GOMAC's production of geologic maps in this region is enhanced by building on a legacy of previous work and by collaboration among scientists of the USGS and State geological surveys. Bedrock and surficial geologic maps covering the State of New Jersey (USGS Miscellaneous Investigations Series Maps I-2540-A-D) were recently compiled in cooperation with the New Jersey Geological Survey; the first map (Drake and others, 1996) is published, and the remainder are in production. In the Washington-Baltimore urban area, 1:100,000-scale geologic maps of 30'x60' quadrangles are being rapidly completed for the National Geologic Map Database. A geologic map of the Leonardtown, Md.-Va., quadrangle has been released (McCartan and others, 1995). Geologic maps of the Fredericksburg, Va.-Md. (Mixon and others, in press), and Washington West, D.C.-Va.-Md., quadrangles were recently submitted for publication, and color plots have been generated from preliminary digital coverages. In collaboration with the Maryland Geological Survey, geologic mapping of the Frederick, Md.-Va.-W.Va., and Washington East, D.C.-Md., quadrangles is underway. Collectively, these geologic maps of the Washington-Baltimore area will provide a foundation for addressing issues where urban growth is spreading across diverse geological environments of the Atlantic Coastal Plain, Appalachian Piedmont (including Mesozoic Culpeper basin), Blue Ridge, Great Valley, and Valley and Ridge provinces.

In accord with interagency agreements with the Virginia Division of Mineral Resources, collaborative 1:100,000-scale geologic maps are being completed for the Appomattox, Va., and South Boston, Va.-N.C., 30'x60' quadrangles. The GOMAC project continues to produce 1:24,000-scale geologic maps (fig. 7) in response to the strong demand for detailed information in areas of urban and suburban growth. The quality and accuracy of 1:100,000-scale geologic maps are strongest where these compilations are supported by more detailed mapping and related investigations. Special-purpose maps derived from the basic geologic maps include lithogeochemical maps of the Chesapeake Bay watershed for the USGS Fragile Environments Program and maps delineating potential sources of aggregate for the USGS Mineral Resource Surveys Program.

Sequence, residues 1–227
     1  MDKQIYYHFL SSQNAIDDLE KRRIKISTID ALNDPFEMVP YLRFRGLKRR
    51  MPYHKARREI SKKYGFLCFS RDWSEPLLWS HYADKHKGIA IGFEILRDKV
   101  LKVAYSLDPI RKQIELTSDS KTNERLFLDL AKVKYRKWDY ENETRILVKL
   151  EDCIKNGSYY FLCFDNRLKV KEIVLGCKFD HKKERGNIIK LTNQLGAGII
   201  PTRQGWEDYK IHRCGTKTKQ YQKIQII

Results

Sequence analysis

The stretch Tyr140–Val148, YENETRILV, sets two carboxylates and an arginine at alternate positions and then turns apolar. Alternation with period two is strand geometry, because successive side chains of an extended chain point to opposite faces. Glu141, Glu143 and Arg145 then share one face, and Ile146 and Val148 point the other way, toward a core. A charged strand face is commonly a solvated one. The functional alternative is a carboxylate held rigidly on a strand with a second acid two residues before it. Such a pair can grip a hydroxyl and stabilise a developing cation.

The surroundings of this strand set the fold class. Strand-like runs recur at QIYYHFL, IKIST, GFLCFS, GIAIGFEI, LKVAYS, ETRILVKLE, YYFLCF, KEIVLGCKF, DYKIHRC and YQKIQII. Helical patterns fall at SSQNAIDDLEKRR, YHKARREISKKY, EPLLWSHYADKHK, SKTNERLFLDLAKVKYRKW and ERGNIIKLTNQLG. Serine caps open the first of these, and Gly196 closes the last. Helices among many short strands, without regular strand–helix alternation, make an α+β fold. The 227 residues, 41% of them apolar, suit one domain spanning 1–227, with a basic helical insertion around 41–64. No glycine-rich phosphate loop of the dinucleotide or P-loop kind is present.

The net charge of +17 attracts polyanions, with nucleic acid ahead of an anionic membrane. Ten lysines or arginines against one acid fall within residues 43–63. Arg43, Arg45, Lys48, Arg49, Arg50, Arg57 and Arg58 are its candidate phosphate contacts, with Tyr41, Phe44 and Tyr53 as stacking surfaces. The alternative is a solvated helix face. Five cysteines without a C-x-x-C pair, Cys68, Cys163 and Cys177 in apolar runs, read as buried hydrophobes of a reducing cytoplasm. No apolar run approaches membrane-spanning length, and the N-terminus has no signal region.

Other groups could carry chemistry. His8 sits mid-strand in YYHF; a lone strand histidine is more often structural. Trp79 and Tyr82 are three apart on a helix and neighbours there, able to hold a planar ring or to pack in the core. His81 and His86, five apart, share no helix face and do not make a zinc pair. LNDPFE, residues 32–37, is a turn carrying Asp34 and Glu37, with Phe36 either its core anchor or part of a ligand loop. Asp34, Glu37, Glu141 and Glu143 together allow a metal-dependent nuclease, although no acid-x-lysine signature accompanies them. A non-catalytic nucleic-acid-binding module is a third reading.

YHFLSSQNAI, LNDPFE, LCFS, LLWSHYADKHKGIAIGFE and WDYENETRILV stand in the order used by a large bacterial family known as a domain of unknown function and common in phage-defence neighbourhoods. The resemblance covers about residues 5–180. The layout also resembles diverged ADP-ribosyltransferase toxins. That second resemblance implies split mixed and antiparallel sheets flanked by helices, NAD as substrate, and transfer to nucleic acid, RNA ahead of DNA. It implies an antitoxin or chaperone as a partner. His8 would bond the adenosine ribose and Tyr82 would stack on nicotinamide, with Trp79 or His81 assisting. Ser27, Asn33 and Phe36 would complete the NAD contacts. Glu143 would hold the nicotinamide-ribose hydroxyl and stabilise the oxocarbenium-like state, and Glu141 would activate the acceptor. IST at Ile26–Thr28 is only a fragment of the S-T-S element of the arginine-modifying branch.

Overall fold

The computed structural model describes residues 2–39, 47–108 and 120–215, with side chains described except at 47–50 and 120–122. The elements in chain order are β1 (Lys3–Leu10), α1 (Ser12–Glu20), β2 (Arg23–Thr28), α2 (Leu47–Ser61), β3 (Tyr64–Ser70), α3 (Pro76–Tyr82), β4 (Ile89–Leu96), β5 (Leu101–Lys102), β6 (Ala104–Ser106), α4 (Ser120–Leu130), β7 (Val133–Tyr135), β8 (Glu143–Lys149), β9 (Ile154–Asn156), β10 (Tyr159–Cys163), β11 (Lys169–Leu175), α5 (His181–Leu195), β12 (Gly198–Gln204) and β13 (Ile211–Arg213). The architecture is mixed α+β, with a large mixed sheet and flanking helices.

Geologic map of Great Falls National Park Figure 7. Image of map showing geology of the Great Falls National Park area, Falls Church 7.5-minute quadrangle, Virginia and Maryland (Drake and Froelich, 1997).

Sources of Additional Information

Bernknopf, R.L., Brookshire, D.S., Soller, D.R., McKee, M.J., Sutter, J.F., Matti, J.C., and Campbell, R.H., 1993, Societal value of geologic maps: U.S. Geological Survey Circular 1111, 53 p.

Drake, A.A., Jr., and Froelich, A.J., 1997, Geologic map of the Falls Church quadrangle, Fairfax and Arlington Counties and the City of Falls Church, Virginia, and Montgomery County, Maryland: U.S. Geological Survey Map GQ-1734, scale 1:24,000.